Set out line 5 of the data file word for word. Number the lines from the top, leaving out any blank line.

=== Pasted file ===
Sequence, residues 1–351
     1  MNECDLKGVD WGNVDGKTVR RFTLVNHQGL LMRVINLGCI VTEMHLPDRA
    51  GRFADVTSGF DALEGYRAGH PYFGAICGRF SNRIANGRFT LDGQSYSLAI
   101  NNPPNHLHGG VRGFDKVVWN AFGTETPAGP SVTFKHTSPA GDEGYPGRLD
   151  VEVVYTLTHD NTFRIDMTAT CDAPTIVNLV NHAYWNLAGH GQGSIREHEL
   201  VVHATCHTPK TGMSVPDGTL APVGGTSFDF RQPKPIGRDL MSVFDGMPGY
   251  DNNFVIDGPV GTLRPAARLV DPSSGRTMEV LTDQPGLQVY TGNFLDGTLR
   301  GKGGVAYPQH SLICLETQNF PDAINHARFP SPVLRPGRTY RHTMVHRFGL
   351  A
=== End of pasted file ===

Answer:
   151  VEVVYTLTHD NTFRIDMTAT CDAPTIVNLV NHAYWNLAGH GQGSIREHEL